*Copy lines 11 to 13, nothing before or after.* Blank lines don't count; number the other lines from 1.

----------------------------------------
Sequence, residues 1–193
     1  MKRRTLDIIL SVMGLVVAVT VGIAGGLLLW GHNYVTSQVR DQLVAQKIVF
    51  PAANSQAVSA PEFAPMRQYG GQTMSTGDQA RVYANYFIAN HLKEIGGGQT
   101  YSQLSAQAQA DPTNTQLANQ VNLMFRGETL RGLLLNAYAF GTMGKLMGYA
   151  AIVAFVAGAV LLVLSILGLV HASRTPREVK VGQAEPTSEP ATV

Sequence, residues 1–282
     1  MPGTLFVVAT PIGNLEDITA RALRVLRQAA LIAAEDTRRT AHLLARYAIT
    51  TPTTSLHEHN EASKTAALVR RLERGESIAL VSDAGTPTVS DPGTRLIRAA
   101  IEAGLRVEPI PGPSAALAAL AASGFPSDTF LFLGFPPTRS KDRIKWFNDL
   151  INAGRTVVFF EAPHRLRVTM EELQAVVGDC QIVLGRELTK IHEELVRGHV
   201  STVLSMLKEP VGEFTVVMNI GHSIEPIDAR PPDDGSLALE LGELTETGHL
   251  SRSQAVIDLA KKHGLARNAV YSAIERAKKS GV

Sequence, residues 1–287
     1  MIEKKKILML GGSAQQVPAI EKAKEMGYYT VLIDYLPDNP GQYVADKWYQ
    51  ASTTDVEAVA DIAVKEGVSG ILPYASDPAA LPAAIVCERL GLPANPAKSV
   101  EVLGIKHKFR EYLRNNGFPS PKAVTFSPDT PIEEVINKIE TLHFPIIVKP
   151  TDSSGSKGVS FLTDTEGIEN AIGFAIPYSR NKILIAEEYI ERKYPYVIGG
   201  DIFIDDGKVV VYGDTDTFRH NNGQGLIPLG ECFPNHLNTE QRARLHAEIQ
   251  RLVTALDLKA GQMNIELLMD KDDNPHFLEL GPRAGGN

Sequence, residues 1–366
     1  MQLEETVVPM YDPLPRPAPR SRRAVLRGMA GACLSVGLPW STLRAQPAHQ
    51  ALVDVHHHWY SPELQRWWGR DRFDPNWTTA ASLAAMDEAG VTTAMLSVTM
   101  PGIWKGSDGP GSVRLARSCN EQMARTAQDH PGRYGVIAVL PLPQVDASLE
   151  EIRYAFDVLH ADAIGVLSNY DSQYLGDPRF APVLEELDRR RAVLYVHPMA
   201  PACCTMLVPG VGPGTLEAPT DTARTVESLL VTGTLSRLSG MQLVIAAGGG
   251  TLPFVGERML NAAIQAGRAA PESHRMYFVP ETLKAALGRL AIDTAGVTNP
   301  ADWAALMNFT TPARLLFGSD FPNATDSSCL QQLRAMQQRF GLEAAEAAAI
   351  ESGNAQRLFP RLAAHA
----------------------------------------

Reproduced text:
   201  STVLSMLKEP VGEFTVVMNI GHSIEPIDAR PPDDGSLALE LGELTETGHL
   251  SRSQAVIDLA KKHGLARNAV YSAIERAKKS GV

Sequence, residues 1–287